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At Rill Architects we run ArchiCAD on macOS. If you work at Rill, this is your stuff. If you don't, but you work in ArchiCAD, you may find something interesting. Anybody else, I don't know.
Standards Archive

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Everybody knows this, right?

Do not use the "Cloud" objects in the Archicad library. They are the worst objects in the world. Update: I killed these with my bare hands. They're gone and you needn't fear them any more.

Clouds should be drawn with a closed spline using the "cloud" linetype. The only glitch is that sometimes the cloud will be inside out when you are done. If this happens mirror the cloud, or, if the shape is non-mirror-friendly, draw the spline again, in the opposite direction. Sometimes the spline doesn't quite close. Pretend not to notice.

For the triangle, use the object Character+Shape JAM8 Shape Tag JM9. The number comes from the ID.

Bad cloud. Looks like a chunk of foam rubber from an AirTran pillow. Also missing marker.

Pretty cloud, reminds one of heaven.

Current naming standards. Still very boring.

These rules aren't set in stone, but if we all stay near the rules we all stay near each other. Like all standards, they work MOST of the time. If a situation is addressed by the standards, save your creativity for the projects.


Every drawing or set we give to someone else should be archived as a PDF in the project folder at 2 Output : PDF Archive. This is for convenience and our own protection.

Archives should be named with the date, and a description if the set is for a specific purpose, such as a permit set. Example: Somebody 2005-03-11 Permit.PDF.

In OS X, PDFs can be created from any print dialog by clicking the Save As PDF button.

PDFs saved in this way will be single files with all the printed sheets in them.

You can use PDFs to send drawings to consultants, if they just want to view the drawings and don't need CAD data. If they need actual drawing stuff, you need to send DWGs.

You can view drawing set PDFs using Adobe Reader or Preview, the OS X PDF viewer. Preview is generally better.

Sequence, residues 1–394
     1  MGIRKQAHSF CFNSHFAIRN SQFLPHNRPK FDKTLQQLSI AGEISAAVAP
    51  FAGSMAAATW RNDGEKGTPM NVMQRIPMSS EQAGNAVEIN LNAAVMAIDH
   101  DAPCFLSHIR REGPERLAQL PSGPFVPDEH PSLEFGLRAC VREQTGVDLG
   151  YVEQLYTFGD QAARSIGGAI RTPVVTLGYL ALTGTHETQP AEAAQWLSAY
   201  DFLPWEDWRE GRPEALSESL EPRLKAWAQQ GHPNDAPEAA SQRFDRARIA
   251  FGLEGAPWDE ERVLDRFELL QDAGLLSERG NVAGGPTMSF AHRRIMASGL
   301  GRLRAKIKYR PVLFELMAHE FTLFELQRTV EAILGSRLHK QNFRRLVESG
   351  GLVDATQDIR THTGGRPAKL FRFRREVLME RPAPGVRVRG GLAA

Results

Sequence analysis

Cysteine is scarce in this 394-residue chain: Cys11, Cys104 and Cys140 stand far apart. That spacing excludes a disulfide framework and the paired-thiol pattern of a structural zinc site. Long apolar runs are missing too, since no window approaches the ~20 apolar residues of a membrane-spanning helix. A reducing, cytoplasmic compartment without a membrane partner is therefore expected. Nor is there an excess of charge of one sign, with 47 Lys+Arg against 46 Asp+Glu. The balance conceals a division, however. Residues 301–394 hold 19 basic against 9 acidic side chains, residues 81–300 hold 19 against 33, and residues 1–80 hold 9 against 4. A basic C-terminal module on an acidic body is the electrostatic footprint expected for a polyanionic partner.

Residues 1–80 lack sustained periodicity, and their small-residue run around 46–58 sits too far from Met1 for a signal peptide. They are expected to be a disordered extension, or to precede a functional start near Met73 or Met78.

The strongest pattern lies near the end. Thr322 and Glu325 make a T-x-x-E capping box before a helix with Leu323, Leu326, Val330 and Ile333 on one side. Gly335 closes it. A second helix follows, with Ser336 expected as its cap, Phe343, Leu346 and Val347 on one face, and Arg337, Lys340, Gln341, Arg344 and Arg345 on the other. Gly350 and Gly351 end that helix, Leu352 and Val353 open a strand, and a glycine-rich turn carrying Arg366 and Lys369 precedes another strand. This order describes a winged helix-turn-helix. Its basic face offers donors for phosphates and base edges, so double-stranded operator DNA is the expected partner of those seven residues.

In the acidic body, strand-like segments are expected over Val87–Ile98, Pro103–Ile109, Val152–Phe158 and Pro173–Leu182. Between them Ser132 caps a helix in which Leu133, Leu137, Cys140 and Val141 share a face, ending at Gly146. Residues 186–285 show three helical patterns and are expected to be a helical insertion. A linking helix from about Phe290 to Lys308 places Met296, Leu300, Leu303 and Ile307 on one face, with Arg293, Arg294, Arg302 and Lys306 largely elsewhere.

(I solved the screenshot problem by taking fewer screenshots.)

Pen table in Archicad...PM...

• Most work is done using the typical rows. The first pen is thinnest, at 0.04mm. Each sucessive pen is slightly thicker, up to 0.8 mm. The pens darken very slightly from left to right. The color change should not be apparent in general use.

For typical rows, the pens ending in the same number are the same weight. 11, 21, 31, 41, etc are all the same, they all turn black in layouts, where you can't tell them apart. Use the colors to differentiate parts of the model. Within the colors, set the line weight. Be consistent in what colors you use for different purposes. These are my habits:

Walls: Black (10's)
Roofs: Cyan (80's)
Doors & Windows: Brown (20's)
Soffits & Ceilings: Orange (60's)
Panel walls: Yellow (110's)
Counters: Purple (120's)
3D stairs, decks, terraces: Dark Red (50's)
Appliances, fixtures: Green (30's)
Main crown: Pink (70's)

When using the same color for different types of elements, make sure the types are spatially and conceptually separate. You can use your roof color for trim, but if you used it for ceilings it would get confusing.

For trim elements, use a different color for each type. I make the main crown pink and the baseboard dark red. If there's a chair or picture rail, I'll use cyan. This makes it easier to tell them apart when they're all stacked together.

Many CAD standards use color to represent output line weight. This is a help to drafting but is useless for model building. The most important issue for us is maintaining order and telling what is what. By using matching color for the plan, section, and fill pattern pens, the element will be recognizable from any point of view.

Fill patterns in section (brick, stone,etc) should have pen 11 (or 21, 31, 41,...). Composite separators that aren't set to hide should have pen 12 (or 22, 32, 42,...). Use a 13 (23, 33, 43,...) weight pen for edges in plan, such as counters and stair treads. Weight 15 (25,35,45,...) is used for cut elements in plan and section. I didn't forget 14 (24,34,44,...), it's used for the cut pen on elements that are either thin, curvy, or small, making the 15 weight seem too heavy.

The heavier pens in each row are there if you need them. You usually don't, and having so many is overkill, but we don't need the space. I use pen 36 instead of 35 for the cut pen of a site mesh, so the grade line is heavier.

The last pen of each typical row is consistent in color but not in weight. Each n9 pen is 0.2mm thicker than the previous; 19 is 1.0mm, 129 is 2.8mm. See image.

• Pen 1 is black. It has the same weight as pen 15. Pen 2 is an anomaly, we shouldn't use it but we do. It has the weight of pen 13. We use it for structural slabs and decks in plan. In section, these slabs use pens 11 and 15.

• Pens 3 through 9 are used for differentiating things that don't print, and therefore don't need a particular line weight. Especially S/E elements. I organize my sections like this: